HRC’s loan: the ethics and the optics

It looks bad, and it stinks.

1. Why should I give money to a multi-millionaire’s campaign not knowing whether it will go to campaign operations or to pay back the candidate?

2. Why should I give money if the candidate will only lend money? Of course, this isn’t strictly logical, since lending money is a greater commitment than not lending it. But the loan reminds people that the candidate has money to burn.

3. Should someone who supports limits on individual campaign contributions evade those limits by writing a big personal check? (This applies to contributions as well as loans.) Don’t Democrats disapprove of the Romney-Bloomberg style of trying to buy office?

In that regard, consider the words of William Jefferson Clinton:

In response to a question in Cedar Rapids about campaign finance reform, Clinton touched on a possible presidential bid by New York City Mayor Michael Bloomberg.

“Let’s think of somebody I really admire, the mayor of New York City, Mike Bloomberg,” Clinton said. “I like him; he’s a really good mayor. But if he’s runs for president, he can spend a billion dollars and not miss it. That’s real money to most of us. Under the law, there are no constraints.”

He railed against the Supreme Court for blocking some attempts to limit the influence of money in politics.

“We are very frustrated because we have a Supreme Court that seems determined to say that the wealthier have more right to free speech than the rest of us.”

And he implied that he would not use his own funds to support his wife’s candidacy.

“For example, they say you couldn’t stop me from spending all the money I’ve saved over the last five years on Hillary’s campaign if I wanted to, even though it would clearly violate the spirit of campaign finance reform,” he said.

Salt, Mr. President? Ketchup? Relish? [And don’t you love that “saved,” as if he’d accumulated an eight-figure fortune by living parsimoniously?]

4. This makes the way the Clintons made their money a political issue and not just a personal one. Insofar as they got rich off their political connections, that was a legitimate question anyway, but this accentuates the problem.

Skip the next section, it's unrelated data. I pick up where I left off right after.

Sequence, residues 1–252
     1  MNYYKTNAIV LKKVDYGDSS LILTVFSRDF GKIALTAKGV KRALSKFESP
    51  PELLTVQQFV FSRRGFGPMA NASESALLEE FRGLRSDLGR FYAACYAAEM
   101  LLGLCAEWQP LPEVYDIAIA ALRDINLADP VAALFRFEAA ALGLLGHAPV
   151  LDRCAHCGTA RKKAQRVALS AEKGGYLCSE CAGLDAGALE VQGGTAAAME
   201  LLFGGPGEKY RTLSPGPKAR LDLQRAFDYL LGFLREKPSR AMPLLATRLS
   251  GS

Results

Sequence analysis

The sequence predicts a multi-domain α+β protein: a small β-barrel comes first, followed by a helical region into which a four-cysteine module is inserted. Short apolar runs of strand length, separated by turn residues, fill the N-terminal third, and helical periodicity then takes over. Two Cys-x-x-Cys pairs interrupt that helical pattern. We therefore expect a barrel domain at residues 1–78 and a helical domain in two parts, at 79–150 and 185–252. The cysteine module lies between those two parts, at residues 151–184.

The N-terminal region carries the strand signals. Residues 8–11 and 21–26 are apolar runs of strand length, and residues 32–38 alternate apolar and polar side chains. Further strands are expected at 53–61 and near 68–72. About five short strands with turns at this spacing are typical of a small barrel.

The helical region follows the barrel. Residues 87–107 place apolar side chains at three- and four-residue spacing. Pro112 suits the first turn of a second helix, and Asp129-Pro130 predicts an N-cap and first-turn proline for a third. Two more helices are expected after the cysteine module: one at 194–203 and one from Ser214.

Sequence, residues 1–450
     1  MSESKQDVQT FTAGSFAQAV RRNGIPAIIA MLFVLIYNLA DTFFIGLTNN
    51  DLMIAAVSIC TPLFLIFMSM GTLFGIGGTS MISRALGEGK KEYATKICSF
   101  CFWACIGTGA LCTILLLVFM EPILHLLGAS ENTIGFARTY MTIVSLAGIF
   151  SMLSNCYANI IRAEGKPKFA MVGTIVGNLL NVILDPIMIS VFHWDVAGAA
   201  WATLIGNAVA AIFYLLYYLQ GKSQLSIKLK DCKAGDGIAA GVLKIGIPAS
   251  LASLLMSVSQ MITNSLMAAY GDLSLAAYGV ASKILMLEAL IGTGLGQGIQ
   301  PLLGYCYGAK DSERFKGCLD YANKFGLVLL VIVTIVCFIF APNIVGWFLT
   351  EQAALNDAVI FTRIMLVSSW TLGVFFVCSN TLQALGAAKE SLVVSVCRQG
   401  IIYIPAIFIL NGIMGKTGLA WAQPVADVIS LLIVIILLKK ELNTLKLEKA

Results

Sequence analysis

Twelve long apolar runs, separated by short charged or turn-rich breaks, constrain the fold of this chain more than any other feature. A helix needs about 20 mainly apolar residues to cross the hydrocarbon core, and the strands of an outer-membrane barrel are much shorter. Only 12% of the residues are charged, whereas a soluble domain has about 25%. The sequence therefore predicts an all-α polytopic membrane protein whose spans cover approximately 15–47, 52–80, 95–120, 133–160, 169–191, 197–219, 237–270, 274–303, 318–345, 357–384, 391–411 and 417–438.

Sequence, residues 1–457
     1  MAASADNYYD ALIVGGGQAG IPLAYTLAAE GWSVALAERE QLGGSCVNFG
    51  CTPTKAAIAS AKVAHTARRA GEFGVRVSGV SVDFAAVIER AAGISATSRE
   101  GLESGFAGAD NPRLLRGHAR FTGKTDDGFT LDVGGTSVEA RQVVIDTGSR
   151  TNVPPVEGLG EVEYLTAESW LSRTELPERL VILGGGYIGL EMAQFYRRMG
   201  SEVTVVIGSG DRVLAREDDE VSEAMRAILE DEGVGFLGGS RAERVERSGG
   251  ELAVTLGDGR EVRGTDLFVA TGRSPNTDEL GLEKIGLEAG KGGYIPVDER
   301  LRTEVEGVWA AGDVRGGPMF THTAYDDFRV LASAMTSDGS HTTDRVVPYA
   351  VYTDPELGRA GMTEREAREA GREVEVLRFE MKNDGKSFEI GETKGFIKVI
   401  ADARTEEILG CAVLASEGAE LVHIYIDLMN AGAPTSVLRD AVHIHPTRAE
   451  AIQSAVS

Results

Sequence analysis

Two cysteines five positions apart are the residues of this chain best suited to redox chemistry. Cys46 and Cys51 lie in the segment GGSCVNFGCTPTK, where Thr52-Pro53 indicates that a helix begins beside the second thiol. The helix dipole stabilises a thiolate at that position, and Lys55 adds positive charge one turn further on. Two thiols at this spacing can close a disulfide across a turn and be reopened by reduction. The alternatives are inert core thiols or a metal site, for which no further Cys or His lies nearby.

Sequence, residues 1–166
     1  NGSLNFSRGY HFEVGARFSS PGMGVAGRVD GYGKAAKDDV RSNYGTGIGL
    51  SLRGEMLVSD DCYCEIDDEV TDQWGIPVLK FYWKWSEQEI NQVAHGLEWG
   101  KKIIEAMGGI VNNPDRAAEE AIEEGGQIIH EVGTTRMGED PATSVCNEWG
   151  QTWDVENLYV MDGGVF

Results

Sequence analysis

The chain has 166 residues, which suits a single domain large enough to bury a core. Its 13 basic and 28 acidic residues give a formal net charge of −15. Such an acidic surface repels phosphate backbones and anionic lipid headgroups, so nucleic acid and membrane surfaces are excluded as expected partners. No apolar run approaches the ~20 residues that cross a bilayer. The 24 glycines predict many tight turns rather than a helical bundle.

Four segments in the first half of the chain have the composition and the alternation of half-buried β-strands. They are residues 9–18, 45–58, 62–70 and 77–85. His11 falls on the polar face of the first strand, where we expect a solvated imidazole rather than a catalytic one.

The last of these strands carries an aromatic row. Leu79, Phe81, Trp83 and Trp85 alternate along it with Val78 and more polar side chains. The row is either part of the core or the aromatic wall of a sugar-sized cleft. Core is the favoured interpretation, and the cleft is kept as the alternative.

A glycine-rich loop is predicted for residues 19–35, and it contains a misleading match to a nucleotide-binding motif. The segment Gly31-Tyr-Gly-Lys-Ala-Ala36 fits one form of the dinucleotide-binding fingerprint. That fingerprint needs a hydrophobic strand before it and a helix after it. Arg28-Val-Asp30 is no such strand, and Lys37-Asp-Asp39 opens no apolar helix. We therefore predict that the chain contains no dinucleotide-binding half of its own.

5. If HRC wins the election, or if she doesn’t and goes back to being a powerful senator, there’s going to be a fundraising drive to pay off the debt. Those contributions, unlike routine campaign contributions, will go directly into her pocket. Won’t that put her under a special obligation to those donors? And, since those contributions won’t actually help her get elected to anything, won’t they be especially likely to come from buyers-of-access rather than political supporters?

Author: Mark Kleiman

Professor of Public Policy at the NYU Marron Institute for Urban Management and editor of the Journal of Drug Policy Analysis. Teaches about the methods of policy analysis about drug abuse control and crime control policy, working out the implications of two principles: that swift and certain sanctions don't have to be severe to be effective, and that well-designed threats usually don't have to be carried out. Books: Drugs and Drug Policy: What Everyone Needs to Know (with Jonathan Caulkins and Angela Hawken) When Brute Force Fails: How to Have Less Crime and Less Punishment (Princeton, 2009; named one of the "books of the year" by The Economist Against Excess: Drug Policy for Results (Basic, 1993) Marijuana: Costs of Abuse, Costs of Control (Greenwood, 1989) UCLA Homepage Curriculum Vitae Contact: